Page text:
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Cicadas cropping up early in the mid-Atlantic region may be responding to climate change, scientists hypothesize.
Some of the unusual number of cicadas this year are seemingly part of an especially large periodical group called Brood X, which re-emerges every 17 years. Their appearance has surprised entomologists, who did not expect to see Brood X cicadas until 2021. Scientists believe extended growing seasons caused by climate change may be shortening the bugs' life cycles, causing them to emerge early.
"You could see many more individuals coming out four years early, and eventually those could become so numerous that they're self-reproducing," Chris Simon, a professor of ecology and evolutionary biology at the University of Connecticut, told the Baltimore Sun.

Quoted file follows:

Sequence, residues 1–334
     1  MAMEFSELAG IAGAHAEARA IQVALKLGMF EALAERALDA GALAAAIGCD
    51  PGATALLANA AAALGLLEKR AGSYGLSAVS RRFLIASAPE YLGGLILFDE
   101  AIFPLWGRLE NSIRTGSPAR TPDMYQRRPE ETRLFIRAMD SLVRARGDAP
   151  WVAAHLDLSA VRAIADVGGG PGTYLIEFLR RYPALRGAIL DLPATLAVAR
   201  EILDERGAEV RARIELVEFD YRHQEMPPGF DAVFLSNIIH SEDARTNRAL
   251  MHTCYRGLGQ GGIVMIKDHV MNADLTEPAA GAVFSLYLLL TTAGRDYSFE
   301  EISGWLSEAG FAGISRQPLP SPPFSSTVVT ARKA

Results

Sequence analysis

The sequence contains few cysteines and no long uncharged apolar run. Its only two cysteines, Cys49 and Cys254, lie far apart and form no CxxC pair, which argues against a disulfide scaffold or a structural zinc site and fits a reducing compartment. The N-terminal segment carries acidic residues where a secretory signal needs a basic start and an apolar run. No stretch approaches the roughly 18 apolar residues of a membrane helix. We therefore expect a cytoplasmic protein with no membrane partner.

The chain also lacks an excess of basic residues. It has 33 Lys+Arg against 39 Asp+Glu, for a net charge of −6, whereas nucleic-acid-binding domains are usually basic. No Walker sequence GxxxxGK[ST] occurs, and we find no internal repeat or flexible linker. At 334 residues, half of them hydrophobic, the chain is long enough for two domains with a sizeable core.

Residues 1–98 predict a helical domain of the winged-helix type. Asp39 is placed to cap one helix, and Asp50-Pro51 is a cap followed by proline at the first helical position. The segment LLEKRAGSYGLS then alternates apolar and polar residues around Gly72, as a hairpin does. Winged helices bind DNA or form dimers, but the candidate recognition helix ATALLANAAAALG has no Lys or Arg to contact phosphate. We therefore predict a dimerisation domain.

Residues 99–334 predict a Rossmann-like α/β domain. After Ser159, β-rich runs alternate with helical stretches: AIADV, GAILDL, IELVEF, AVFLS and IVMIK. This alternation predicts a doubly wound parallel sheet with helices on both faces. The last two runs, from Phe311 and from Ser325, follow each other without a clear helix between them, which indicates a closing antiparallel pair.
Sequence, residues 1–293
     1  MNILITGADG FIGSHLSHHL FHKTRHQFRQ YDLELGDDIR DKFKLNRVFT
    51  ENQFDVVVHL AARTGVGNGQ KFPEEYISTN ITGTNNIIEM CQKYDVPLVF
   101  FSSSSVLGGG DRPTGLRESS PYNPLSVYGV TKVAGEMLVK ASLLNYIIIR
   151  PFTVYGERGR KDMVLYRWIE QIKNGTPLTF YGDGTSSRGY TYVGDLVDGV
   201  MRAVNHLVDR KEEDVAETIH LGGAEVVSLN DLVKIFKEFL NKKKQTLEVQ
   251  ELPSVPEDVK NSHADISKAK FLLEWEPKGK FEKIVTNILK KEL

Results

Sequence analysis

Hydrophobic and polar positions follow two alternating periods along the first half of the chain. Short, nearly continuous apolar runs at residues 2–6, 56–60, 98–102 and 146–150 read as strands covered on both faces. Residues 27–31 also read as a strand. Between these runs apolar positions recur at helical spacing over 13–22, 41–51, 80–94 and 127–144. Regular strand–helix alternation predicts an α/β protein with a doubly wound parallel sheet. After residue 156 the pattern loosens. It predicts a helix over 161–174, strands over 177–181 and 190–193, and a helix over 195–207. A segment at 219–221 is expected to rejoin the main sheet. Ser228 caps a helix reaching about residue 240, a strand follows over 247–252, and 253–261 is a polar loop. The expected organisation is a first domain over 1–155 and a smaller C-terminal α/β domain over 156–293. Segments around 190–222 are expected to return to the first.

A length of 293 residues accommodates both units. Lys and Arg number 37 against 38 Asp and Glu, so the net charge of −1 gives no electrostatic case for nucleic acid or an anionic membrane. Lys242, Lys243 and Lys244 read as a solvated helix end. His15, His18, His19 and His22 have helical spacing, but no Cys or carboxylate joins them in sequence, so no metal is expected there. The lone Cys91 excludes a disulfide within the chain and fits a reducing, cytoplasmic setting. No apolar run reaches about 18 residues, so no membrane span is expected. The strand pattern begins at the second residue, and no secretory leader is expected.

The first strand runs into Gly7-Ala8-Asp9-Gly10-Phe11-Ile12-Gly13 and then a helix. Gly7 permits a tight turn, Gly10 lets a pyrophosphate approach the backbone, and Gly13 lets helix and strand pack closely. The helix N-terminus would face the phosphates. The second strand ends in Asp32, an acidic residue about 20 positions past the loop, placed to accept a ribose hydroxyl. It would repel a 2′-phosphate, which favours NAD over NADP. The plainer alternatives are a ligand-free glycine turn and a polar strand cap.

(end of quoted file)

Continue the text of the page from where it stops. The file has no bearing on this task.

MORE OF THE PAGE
"If the conditions are really good, then a lot of them will come out," she added. "The longer the growing season, the higher the chance that a very large number will be ready four years early."
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Germany's target for renewable energy sources to deliver 65% of its consumed electricity by 2030 seemed on track Wednesday, with 52% of electricity coming from renewables in 2020's first quarter. Renewable energy advocates, however, warned the trend is imperiled by slowdowns in building new wind and solar plants.
Half the world is on lockdown. So, the constant hum of cars, trucks, trains and heavy machinery has stopped, drastically reducing the intensity of the vibrations rippling through the Earth's crust. Seismologists, who use highly sensitive equipment, have noticed a difference in the hum caused by human activity, according to Fast Company.